Encores! music director Rob Berman explains how composer Jerome Moross “dug up the American past” in his score for the 1954 musical.
The music for the opening prelude of The Golden Apple is rhythmically propulsive, sweeping, syncopated, heroic. In a word, it sounds American. The composer Jerome Moross, born in Brooklyn in 1913 and a protégé of Aaron Copland, was known for his distinctly American musical language.
While not exactly a household name in the history of 20th-century music, Moross had a surprisingly wide-ranging and active career which included work in film, theatre, ballet, television, orchestral works, and chamber music. He is probably best known for his work as a composer of film Westerns, including the Academy Award-nominated score for The Big Country (1958). In the theatre, The Golden Apple was his most successful and best-remembered work.
Moross began writing music at the age of eight; in high school, he recalled “sitting in the back of the room so the teacher shouldn’t disturb me while I was composing.” Despite having no formal training in composition, Moross’ musical influences were considerable. As a teenager, he began sneaking into New York Philharmonic concerts with his classmate Bernard Herrmann, who became a lifelong friend. He also spent time with Charles Ives and joined the Young Composers’ Group led by Copland, who praised Moross for writing “music that has a quality of sheer physicalness, music ‘without a mind,’ as it were.” Moross even worked briefly for George Gershwin, playing piano for a touring production of Porgy and Bess.
It was on his way to Los Angeles for Porgy and Bess at the age of 23 that he fell in love with the American West. His experience seeing the expansive landscape of the flatlands outside Albuquerque overwhelmed him and influenced his later writing, especially his theme to The Big Country. As Moross once said of his work, “I was interested in digging up [the] American past.”
In the 1930s and early 1940s, Moross composed works for theatre, dance, and radio as well as some concert works, including his one and only symphony, which premiered in 1943. An early ballet for choreographer Ruth Page called Frankie and Johnny was based on the traditional American folk song and featured a Greek chorus of three female voices, foreshadowing the trio of Minerva, Juniper, and Lovey Mars in The Golden Apple.
His Hollywood career began in the 1940s, mostly as an orchestrator for other composers’ works, including Copland’s Our Town. By the 1950s he was composing his own scores; with a trio of Westerns in the late 1950s, he established his reputation as a composer who could capture the grandeur and expanse of the American West.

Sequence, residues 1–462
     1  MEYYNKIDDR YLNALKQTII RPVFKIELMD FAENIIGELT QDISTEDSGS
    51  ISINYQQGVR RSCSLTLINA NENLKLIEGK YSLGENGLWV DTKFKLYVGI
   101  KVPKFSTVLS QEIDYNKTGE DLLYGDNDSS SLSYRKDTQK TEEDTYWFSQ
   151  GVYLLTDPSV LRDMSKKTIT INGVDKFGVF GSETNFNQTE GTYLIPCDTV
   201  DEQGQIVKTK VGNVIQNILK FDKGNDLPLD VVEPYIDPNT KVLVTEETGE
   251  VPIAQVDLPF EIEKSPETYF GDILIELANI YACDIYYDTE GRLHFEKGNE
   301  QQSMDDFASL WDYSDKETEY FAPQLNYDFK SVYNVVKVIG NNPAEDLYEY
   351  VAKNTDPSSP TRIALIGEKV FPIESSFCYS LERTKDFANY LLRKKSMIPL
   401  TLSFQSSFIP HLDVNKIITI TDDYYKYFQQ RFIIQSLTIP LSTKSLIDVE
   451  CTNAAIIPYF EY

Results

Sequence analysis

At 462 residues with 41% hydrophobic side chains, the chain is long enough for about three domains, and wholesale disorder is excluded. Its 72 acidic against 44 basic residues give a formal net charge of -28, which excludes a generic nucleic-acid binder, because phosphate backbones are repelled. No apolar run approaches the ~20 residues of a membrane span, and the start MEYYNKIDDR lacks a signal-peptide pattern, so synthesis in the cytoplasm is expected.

At the same time that his film career was flourishing, he began working with the lyricist John Latouche on theatre pieces. They first collaborated on Ballet Ballads, a collection of four short pieces based on existing tales, including The Eccentricities of Davy Crockett and Riding Hood Revisited. A version of Ballet Ballads actually played on Broadway for a few weeks in 1948.
Shortly after that, the two writers began work on The Golden Apple. The musical expanded on techniques created for Ballet Ballads, with the aim of creating a hybrid, genre-crossing form. It is a through-sung musical comedy, the entire libretto being set to music. Songs and scenes flow rapidly one into the next. The original production also featured some characters who only expressed themselves through dance.
In setting the story in the American Northwest of the early 20th century, Moross uses the rhythmic compositional style and modal harmonic language he would bring to so much of his work while also borrowing forms and styles from classic American idioms. We hear ragtime, blues, marches, vaudeville, waltzes, burlesque, and softshoe, all employed to serve the storytelling. It is also worth noting that Moross was one of the few theatre composers capable of effectively orchestrating his own music, as he did for The Golden Apple (along with Hershy Kay).
So what makes his music sound American? It’s hard to define, but you know it when you hear it. Listen to his theme from the 1956 film The Sharkfighters and there is no doubt it is the same musical mind behind The Golden Apple. In both works, there are jazzy rhythmic syncopations, open voicings, spacious harmonies, and arpeggiated figuration. The heroic trumpets in The Big Country and the propulsive offbeats and modal melodies in his score for the 1960 film The Adventures of Huckleberry Finn are also characteristic of his style.
By the late 1960s and 1970s, Moross had lost interest in Hollywood and he devoted his time mostly to instrumental and chamber works. He died in 1983 at the age of 69.
Moross was a major talent but never had the breakout successes of some of his contemporaries. Some of his music was rarely performed; several works have never been heard. He is not as celebrated as Copland in the world of concert music, nor as well-known as Herrmann in the world of film music, and certainly not as famous in the world of theatre as most of the great songwriters. But few composers worked in all of these worlds and enjoyed such a diverse career. Moross’ music is, in turn, energetic, languid, grand, sweet, thorny, melodic, jazzy, and on and on. It is worth rediscovering.
Rob Berman is the music director of Encores!